In the days after George Floyd’s death at the hands of Minneapolis police, hundreds of protests against police brutality and in support of the Black Lives Matter movement sprang up around the country.
Across the Merrimack Valley people organized in their communities to protest and prompt change for racial equality, including a protest at Shawsheen Square that drew about 500 people June 1.
At the state level, legislation was quickly introduced to ban chokeholds and call for other police reforms in Massachusetts. Also in the past six months, local governments and organizations like Merrimack Valley Black and Brown Voices have implemented new ideas to continue the conversation about diversity and inclusion when protests slowed.
In Massachusetts, after multiple rounds of revision, Gov. Charlie Baker signed a bill Thursday that bans chokeholds, outlaws the use of tear gas at large demonstrations and limits no-knock warrants.
At the local level, in the days following the protest multiple incidents in town that were potentially racially charged came to light. Town Manager Andrew Flanagan then created the town's Diversity and Inclusion Division at the end of June.
Since then the town has been working with a consulting firm to conduct an audit on diversity and inclusion, said Jemma Lambert, director of the Community Services Department which oversees the diversity and inclusion division.
There is currently an anonymous survey for residents to send feedback to the town's diversity and inclusion, then the consulting firm will be hosting focus groups to gather more in-depth information, Lambert said. Then the town will get the results and the newly formed Commission on Equity and Inclusion will be implementing steps to increase diversity and inclusion, she said.
"There's a lot of really cool committed passionate people who want to be part of the work and to make things better here," Lambert said. "It's an absolute honor to work with them and we will make some positive change to Andover."
Andover is also introducing bias training for every employee in town, Lambert said.
‘Just the beginning’
Chants of “No justice, no peace,” “I can’t breathe,” and “Hands up, don’t shoot” rang out across the region over the summer after Floyd was killed May 25.
In Andover — and across the Merrimack Valley — the protest remained peaceful, but people had a variety of reactions.
Aileen Torres, 23, came to the Andover protest from work, she previously told The Andover Townsman. When her managers heard about the protest they began to rearrange in anticipation of violence.
“My coworkers and I were saying, ‘They really think we are out here to be reckless.’ That’s not at all the point — and they definitely missed it, getting rid of everything in the storefront, closing the store early,” Torres said.
“I know that because of a lot of video recordings of the protests, that a lot of people are spinning it,” she added. “... I knew that I wanted to come here and meditate in peace and actually kind of have this light of protection for so many people coming out today.”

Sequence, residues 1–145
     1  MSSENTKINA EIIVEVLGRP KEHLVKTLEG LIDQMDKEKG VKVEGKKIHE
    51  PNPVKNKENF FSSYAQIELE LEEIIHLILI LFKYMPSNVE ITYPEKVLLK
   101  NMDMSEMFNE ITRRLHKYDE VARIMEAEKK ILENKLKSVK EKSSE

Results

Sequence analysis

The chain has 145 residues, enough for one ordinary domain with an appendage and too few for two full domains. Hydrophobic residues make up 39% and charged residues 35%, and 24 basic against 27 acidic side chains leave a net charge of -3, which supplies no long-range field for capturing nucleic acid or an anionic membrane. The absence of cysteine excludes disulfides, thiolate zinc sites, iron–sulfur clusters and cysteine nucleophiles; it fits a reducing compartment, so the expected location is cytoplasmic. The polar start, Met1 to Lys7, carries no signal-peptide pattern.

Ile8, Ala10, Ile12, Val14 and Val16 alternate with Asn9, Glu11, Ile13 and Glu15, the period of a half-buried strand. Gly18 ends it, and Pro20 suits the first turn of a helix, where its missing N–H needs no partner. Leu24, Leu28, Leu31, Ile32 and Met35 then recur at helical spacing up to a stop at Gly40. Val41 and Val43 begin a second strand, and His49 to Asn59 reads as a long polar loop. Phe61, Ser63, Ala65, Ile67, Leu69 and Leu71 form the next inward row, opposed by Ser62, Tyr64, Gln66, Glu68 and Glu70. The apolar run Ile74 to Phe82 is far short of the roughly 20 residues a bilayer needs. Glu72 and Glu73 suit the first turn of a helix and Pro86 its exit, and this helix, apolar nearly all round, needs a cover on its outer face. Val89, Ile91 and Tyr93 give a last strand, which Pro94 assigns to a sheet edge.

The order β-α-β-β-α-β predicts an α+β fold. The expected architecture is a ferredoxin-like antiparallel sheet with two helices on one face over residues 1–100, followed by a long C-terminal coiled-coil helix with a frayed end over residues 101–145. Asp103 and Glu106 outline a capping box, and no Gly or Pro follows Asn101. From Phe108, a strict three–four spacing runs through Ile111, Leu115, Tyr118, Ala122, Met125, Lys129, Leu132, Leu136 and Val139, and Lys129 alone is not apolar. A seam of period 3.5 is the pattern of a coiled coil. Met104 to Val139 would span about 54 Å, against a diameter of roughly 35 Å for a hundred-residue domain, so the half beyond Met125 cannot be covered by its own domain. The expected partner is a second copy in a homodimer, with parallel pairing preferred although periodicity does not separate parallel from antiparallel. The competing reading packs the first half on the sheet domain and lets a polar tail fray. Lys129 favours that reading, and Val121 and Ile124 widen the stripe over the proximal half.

In Methuen, more than 200 people marching through neighborhoods drew residents from their homes like Donald Blount, who heard their chants while working in his garage. He didn’t know the protest was happening but was happy to see them pass by.
“I love this,” Blount, who is Black, said. “This is just the beginning.”
Organizers like the three women leading Merrimack Valley Black and Brown Voices took charge by creating resources for Black, Indigenous and people of color — commonly abbreviated to BIPOC.
Elizabeth Walther-Grant of Andover created the local nonprofit with Mayara Reis and Bria Gadsden both of North Andover. They met via a Facebook post and then again in-person over a glass of wine in the immediate aftermath of Floyd’s death.
They gathered together in mourning and in solidarity, then created the a Facebook group to find fellow community members who share the same struggles, Walther-Grant said.
Shortly after, a mother of a North Andover high-schooler reached out to the Facebook group to help her daughter plan a June 8 vigil for Floyd in North Andover, Walther-Grant said.
“We got asked to help (with the vigil) and it became bigger than we are,” she said.
Then the women planned a Juneteenth celebration for the holiday that celebrates freedom from slavery when news of the Emancipation Proclamation made its way to Texas. In August, they created the Merrimack Valley Black & Brown Owned Market, which helped connect patrons with business owners of color from around the region.
They are looking to expand events in the coming year, Walther-Grant said.
The group allowed the women to connect people in a way they hadn’t imagined, she said.
Through the Facebook group she’s also seen mothers finding playdates for their children. And one mother found a barber who was able to cut her autistic son’s hair properly and well, Walther-Grant said.
They hope to continue educating allies and making the Merrimack Valley more inclusive because “the community is affected by (racism) whether a person is personally affected or not,” Walther-Grant said. “If you have a community that’s fractured or divided then it won’t be a great place to live.”